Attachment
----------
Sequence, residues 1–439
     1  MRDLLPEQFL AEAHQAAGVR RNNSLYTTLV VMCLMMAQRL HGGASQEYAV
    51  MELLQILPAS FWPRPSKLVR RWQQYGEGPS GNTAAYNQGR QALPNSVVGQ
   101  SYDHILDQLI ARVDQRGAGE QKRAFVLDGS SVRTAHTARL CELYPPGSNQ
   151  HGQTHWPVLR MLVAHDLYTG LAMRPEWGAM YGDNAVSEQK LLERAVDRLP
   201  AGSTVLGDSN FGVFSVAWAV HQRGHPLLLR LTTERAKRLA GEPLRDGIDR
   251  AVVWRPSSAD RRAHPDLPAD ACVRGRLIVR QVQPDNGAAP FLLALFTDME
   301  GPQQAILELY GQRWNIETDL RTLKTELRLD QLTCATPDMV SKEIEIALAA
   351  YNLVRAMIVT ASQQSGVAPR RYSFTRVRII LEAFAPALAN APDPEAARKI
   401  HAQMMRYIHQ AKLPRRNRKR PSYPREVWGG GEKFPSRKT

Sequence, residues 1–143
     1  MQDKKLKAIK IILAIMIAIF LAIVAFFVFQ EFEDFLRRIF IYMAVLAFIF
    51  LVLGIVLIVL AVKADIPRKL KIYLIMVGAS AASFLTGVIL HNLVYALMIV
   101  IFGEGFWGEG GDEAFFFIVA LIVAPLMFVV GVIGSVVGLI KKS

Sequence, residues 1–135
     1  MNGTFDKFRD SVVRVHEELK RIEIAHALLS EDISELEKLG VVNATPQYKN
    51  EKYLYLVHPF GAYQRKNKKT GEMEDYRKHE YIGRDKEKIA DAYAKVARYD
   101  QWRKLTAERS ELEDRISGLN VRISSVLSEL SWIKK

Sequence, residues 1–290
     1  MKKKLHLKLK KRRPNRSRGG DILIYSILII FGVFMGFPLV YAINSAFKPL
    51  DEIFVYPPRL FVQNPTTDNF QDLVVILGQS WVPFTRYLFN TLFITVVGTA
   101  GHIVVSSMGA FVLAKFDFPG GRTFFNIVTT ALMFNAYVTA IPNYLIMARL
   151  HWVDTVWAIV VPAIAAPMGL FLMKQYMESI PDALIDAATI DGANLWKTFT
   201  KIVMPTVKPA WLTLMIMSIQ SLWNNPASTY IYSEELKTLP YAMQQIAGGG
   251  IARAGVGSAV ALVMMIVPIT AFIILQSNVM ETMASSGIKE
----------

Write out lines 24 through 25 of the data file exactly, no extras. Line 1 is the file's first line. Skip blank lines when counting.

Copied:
   201  KIVMPTVKPA WLTLMIMSIQ SLWNNPASTY IYSEELKTLP YAMQQIAGGG
   251  IARAGVGSAV ALVMMIVPIT AFIILQSNVM ETMASSGIKE